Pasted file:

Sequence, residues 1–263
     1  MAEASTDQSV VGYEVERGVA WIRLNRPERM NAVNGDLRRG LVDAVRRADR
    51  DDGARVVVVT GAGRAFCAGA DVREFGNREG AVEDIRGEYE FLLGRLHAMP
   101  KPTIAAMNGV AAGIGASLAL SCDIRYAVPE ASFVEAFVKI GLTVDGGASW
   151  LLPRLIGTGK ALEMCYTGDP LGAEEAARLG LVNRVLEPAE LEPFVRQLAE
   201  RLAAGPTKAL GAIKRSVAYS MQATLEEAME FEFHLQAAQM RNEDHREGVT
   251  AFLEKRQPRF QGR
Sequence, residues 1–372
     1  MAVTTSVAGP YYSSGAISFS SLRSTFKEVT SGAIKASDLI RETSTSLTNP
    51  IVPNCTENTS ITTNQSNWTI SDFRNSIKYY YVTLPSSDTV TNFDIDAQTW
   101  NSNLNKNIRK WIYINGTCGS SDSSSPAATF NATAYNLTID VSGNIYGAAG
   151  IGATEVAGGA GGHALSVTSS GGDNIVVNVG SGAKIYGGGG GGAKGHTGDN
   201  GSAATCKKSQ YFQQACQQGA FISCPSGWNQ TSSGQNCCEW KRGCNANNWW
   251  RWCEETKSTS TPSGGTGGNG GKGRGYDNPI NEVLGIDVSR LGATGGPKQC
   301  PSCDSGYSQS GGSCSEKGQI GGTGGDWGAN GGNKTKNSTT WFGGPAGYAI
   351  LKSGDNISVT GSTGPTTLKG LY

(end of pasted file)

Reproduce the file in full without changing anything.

Sequence, residues 1–263
     1  MAEASTDQSV VGYEVERGVA WIRLNRPERM NAVNGDLRRG LVDAVRRADR
    51  DDGARVVVVT GAGRAFCAGA DVREFGNREG AVEDIRGEYE FLLGRLHAMP
   101  KPTIAAMNGV AAGIGASLAL SCDIRYAVPE ASFVEAFVKI GLTVDGGASW
   151  LLPRLIGTGK ALEMCYTGDP LGAEEAARLG LVNRVLEPAE LEPFVRQLAE
   201  RLAAGPTKAL GAIKRSVAYS MQATLEEAME FEFHLQAAQM RNEDHREGVT
   251  AFLEKRQPRF QGR
Sequence, residues 1–372
     1  MAVTTSVAGP YYSSGAISFS SLRSTFKEVT SGAIKASDLI RETSTSLTNP
    51  IVPNCTENTS ITTNQSNWTI SDFRNSIKYY YVTLPSSDTV TNFDIDAQTW
   101  NSNLNKNIRK WIYINGTCGS SDSSSPAATF NATAYNLTID VSGNIYGAAG
   151  IGATEVAGGA GGHALSVTSS GGDNIVVNVG SGAKIYGGGG GGAKGHTGDN
   201  GSAATCKKSQ YFQQACQQGA FISCPSGWNQ TSSGQNCCEW KRGCNANNWW
   251  RWCEETKSTS TPSGGTGGNG GKGRGYDNPI NEVLGIDVSR LGATGGPKQC
   301  PSCDSGYSQS GGSCSEKGQI GGTGGDWGAN GGNKTKNSTT WFGGPAGYAI
   351  LKSGDNISVT GSTGPTTLKG LY